There is no one right way to coach a hockey team, and no one right way to run a practice. Many successful coaches have different philosophies and teaching styles that have served them well.
However, when it comes to practice, there is a philosophy that I feel strongly about for any coach responsible for developing players. That is to teach habits and not systems.
This is not to say that teams should not have systems; most teams do. However, the majority of practice time should not be spent on system repetition, but rather concentrating on the habits (or individual tactics) that are important for that system to be correctly executed. Generally, those same habits will apply to most systems.
Teaching habits will prove effective for all areas of team play, including special teams, defensive zone play, forechecking, breakouts and attack formations. I believe this philosophy applies to all levels as well.
Dave Allison, a coach who had a big influence on me, made accurate predictions on which players would make successful transitions to the NHL based not on their scoring statistics or physical size, but on their sound habits.
For youth players, developing good habits is vital. As basic fundamentals of skating and puckhandling are prerequisites to individual offensive skills, developing good habits is a prerequisite of team play and will accelerate the player’s understanding of any system.
We don’t practice line rushes before we are competent skaters and can handle a puck, nor should we practice team systems before we are well versed at the components (habits) of those systems.
Using breakouts as an example, basic habits that we work on regularly are:
Defensemen: Skating back for the puck, looking over your shoulder to see where pressure is coming from, getting the puck quickly on your forehand and making a quick, flat, tape-to-tape pass.
Wingers: Posting up (making yourself a good outlet), facing the puck with forward momentum, stick on the ice, supporting the puck with timing, and presenting a good target.
Centermen: Controlled skating and timing to support the puck with an excellent target and knowledge (vision) of where pressure is coming from.
All of those habits are used in nearly every breakout. You do not have to practice breakouts to practice components or habits. By practicing the components, and not the specific breakout itself, players are practicing the skills used in several different breakout situations.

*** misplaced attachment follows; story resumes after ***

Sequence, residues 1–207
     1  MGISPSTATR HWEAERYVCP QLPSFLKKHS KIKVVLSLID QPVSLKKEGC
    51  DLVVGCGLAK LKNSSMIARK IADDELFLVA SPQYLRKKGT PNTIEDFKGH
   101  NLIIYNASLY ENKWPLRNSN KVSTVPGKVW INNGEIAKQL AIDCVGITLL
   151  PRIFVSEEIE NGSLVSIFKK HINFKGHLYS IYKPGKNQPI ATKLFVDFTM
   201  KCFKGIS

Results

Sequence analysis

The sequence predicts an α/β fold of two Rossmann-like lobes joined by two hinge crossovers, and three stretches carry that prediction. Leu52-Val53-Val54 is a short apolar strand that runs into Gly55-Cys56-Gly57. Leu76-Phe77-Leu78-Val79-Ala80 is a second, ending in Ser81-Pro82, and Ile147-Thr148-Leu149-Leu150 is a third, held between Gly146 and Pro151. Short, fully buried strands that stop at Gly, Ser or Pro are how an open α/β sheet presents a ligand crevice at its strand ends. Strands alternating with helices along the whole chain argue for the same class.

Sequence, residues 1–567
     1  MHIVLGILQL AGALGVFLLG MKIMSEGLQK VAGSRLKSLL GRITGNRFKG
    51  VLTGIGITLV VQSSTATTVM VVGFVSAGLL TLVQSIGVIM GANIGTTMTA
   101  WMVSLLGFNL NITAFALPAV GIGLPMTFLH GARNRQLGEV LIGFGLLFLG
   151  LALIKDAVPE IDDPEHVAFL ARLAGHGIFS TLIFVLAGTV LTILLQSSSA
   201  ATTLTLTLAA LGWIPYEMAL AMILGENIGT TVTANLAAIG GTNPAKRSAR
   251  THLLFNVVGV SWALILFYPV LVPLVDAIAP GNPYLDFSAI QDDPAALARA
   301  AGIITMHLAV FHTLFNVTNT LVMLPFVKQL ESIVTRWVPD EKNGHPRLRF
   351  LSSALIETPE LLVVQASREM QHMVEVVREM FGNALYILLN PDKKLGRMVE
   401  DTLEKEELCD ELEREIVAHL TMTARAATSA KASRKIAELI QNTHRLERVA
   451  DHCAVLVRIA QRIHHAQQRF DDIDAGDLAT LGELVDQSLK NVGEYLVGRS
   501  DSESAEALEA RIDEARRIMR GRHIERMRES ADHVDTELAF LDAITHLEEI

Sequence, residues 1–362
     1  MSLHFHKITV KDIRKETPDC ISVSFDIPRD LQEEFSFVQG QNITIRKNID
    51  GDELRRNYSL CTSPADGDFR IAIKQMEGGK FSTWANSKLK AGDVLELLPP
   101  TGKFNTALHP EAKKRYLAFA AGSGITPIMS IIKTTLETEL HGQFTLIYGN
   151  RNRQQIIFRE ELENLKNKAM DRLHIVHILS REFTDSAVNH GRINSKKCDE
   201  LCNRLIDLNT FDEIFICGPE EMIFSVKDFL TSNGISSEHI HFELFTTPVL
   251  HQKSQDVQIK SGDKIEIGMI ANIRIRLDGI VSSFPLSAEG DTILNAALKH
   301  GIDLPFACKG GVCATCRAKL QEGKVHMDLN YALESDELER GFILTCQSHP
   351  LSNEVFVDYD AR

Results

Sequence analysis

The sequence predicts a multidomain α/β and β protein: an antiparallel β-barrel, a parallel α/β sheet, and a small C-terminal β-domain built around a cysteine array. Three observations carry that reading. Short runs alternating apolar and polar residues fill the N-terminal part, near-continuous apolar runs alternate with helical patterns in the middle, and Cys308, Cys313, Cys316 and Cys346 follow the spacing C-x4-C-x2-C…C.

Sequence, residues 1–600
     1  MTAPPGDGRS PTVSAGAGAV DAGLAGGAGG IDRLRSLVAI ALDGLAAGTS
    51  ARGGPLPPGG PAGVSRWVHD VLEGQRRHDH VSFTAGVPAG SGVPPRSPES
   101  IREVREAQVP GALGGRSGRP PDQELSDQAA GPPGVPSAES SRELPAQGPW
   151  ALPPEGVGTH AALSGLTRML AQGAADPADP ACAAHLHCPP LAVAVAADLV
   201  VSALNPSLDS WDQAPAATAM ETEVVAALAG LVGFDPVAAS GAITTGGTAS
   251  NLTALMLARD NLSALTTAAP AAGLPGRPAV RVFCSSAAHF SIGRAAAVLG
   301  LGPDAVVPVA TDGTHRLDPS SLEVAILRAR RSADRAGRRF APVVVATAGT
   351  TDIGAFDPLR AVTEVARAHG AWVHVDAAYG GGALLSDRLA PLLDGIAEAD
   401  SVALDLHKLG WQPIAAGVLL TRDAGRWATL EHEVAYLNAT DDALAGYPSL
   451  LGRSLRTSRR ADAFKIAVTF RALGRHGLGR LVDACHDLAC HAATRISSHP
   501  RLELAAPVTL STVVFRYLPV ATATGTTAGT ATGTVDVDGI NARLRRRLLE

It is easy to incorporate forwards posting up with forward momentum in a large variety of drills where the main focus may be line rushes, attacking the offensive zone or just warming up the goalie. Any passing drill can easily emphasize timing support with a good target.
The same goes for a defenseman's habits of looking over his or her shoulder and quickly getting the puck on the forehand (surrounding the puck). This habit is easily integrated in a variety of drills.
It is possible to work on the components of breakouts in every drill in a particular practice and not actually perform one breakout. This means that valuable ice time can be used for drills focusing on skill development through fun, competitive drills instead of monotonous system repetition.
It is painful to see youth teams with limited ice time stand around and watch their coach draw breakouts on the rink board and then spend more time standing around watching one line at a time slowly execute a controlled breakout to the coach’s specifications.
In game situations, even at highest levels, set breakouts occur infrequently compared to the number of times players are required to use habits outside of set plays.
Coaches should plan practices that allow players to work on basic skills through a series of fun and competitive drills without pre-determined outcomes.
To prove this, next time you watch an NHL game, count the number of situations where a team has a player stride for the puck and has the option of hitting a posting forward with support. I have seen several college and NHL games where these habits are displayed in excess of 10 times between the two teams in just one shift, as compared to the number of set breakout plays that are used.
A specific set breakout won’t occur as many as 10 times in an entire game. It makes much more sense to practice areas of the game that occur most often. You don’t want to practice set outcomes. You want to practice reading, reacting and creating.
Coaches should plan practices with variety and flow. Let the kids practice skills and habits in fun, competitive drills. They will enjoy practice and be better off for it in the future.
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